To answer the global threat of vector-borne diseases, the International Federation for Animal Health has commissioned an industry first white paper to act as a frame work for the animal health industry to take action and generate debate.
The white paper, independently authored by Oxford Analytica and produced with the support of The Bill & Melinda Gates Foundation, highlights the most urgent, new and emerging threats of vector-borne diseases to human and animal health, the most important challenges faced and ways forward for tackling the issue globally.
The white paper has been discussed by world leading industry influencers at a roundtable in Geneva with the specific objective of formulating strategies and partnerships across a variety of organisations from research bodies to policy makers and is now available to download from the IFAH website www.ifahsec.org.
Vector-borne diseases (VBDs) currently account for 17% of the global burden of all infectious diseases. The most deadly of which, malaria, causes an estimated 627,000 deaths annually. Conditions that affect livestock can also have a significant economic impact, for example trypanosomiasis accounts for losses in cattle production of up to 1.2 billion dollars a year. Taken as a group, vector-borne diseases are responsible for high levels of morbidity in human populations throughout the world, economic losses in production animals, further economic impacts in the form of adverse affects on tourism and governmental surveillance, control and treatment costs and reduced animal welfare.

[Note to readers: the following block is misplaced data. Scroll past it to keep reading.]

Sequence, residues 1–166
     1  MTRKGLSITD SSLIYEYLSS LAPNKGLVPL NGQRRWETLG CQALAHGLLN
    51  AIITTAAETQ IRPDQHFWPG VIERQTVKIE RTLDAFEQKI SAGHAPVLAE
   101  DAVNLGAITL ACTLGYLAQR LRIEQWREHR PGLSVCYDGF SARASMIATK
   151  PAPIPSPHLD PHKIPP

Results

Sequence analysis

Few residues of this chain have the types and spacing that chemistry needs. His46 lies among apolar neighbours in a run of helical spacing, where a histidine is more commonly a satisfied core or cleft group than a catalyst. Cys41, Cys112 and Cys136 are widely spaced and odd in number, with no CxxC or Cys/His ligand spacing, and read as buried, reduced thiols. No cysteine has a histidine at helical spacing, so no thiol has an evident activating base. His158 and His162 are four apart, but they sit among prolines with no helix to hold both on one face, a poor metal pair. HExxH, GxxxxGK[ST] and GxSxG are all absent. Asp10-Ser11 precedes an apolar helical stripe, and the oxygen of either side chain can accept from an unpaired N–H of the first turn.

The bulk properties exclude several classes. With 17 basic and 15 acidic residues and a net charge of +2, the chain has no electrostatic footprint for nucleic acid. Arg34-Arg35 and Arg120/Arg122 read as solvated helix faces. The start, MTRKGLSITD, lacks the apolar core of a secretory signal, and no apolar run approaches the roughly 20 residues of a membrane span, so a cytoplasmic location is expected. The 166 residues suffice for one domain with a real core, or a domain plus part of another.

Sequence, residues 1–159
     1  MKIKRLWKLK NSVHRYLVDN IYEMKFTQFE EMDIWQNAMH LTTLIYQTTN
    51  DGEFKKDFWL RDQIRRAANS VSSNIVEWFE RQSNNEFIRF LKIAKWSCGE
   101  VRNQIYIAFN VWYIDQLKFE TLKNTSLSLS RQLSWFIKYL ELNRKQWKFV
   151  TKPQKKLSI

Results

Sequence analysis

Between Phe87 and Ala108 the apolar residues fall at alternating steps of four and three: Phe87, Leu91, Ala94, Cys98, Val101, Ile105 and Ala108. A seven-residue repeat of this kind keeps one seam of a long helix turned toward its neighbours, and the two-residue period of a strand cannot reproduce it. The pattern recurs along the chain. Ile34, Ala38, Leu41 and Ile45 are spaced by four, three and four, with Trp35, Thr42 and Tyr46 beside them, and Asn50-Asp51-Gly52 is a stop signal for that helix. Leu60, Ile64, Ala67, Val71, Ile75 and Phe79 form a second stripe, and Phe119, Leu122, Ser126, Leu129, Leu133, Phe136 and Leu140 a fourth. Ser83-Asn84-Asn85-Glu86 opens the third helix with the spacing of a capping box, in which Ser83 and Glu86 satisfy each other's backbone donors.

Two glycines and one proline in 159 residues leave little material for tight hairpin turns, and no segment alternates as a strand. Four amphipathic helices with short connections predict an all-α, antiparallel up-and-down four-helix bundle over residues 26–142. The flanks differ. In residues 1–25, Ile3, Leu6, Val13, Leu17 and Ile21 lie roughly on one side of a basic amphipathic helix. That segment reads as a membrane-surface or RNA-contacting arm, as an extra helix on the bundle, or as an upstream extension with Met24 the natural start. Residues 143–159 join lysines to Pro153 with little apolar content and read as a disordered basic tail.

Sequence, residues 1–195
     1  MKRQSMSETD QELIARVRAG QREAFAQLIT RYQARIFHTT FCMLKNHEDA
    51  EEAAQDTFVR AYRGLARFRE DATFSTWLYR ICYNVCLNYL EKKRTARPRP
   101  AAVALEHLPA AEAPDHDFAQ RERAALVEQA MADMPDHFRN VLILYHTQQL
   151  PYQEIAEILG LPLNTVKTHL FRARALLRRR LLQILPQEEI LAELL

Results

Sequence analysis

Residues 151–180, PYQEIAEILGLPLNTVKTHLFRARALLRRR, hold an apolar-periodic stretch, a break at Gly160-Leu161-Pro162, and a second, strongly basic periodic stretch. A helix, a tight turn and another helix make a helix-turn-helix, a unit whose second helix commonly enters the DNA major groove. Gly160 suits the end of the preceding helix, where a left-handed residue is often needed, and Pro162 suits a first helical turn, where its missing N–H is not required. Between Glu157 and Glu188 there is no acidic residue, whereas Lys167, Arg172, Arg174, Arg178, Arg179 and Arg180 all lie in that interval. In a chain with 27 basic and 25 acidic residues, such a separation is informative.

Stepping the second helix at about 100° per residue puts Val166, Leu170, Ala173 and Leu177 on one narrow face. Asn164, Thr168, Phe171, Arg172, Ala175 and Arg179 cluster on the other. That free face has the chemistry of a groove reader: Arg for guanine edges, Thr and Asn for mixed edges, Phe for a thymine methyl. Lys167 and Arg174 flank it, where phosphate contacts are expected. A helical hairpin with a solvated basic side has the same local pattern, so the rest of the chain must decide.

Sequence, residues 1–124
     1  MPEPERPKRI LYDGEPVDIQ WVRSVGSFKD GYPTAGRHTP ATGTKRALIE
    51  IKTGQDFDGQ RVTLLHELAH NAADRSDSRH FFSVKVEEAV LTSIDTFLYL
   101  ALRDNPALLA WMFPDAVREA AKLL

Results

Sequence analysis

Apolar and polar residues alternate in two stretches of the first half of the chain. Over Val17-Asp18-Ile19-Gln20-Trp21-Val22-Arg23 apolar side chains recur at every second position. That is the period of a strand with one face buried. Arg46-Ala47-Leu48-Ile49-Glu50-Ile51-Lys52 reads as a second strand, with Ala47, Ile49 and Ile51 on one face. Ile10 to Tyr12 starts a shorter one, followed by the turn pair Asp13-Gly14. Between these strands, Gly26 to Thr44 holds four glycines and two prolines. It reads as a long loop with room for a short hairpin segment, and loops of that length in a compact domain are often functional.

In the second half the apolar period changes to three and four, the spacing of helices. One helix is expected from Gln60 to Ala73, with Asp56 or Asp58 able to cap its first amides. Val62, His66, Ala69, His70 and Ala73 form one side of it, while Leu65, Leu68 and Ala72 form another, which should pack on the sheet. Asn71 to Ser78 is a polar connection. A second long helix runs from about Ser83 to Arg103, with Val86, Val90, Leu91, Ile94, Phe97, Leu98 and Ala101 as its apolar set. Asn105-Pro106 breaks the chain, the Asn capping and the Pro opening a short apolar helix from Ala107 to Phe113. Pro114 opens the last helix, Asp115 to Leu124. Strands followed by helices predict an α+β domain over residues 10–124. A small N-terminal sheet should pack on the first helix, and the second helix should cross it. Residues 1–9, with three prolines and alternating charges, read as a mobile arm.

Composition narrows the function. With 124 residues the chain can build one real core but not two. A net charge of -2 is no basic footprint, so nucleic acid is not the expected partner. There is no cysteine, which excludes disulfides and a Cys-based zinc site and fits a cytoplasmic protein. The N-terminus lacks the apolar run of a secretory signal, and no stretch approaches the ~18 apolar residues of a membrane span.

Combating vector-borne diseases is an ever-changing and complex challenge that is affected by many factors, including the impact of climate change on vector spread, habitat change introduced by humans (e.g. wetland creation, the increased movement of goods, humans, livestock and companion animals worldwide) and the increasing risk of insecticide resistance.
Carel du Marchie Sarvaas, Executive Director at IFAH said: “Vector-borne diseases are a topic of international significance that need to be debated head on. The white paper and roundtable will raise awareness of the importance and need to control these diseases and provide the evidence for solvers (the animal health industry) and donors who fund efforts to develop tools to control neglected vector-borne diseases. The white paper includes a number of case studies from across the world and suggests proactive strategies for tackling them on a local, regional and global level”.
“As the representative body for companies engaged in the research, development and manufacturing of animal medicines and health products, IFAH is uniquely positioned to address the challenges and help explore intrinsic links between human and animal health. With the support of the Bill & Melinda Gates Foundation we will be able to address more issues and reach more stakeholders than ever before.”
To complement the white paper IFAH will be releasing a number of infographics. The first of which is available now via the IFAH press office and on www.ifahsec.org.
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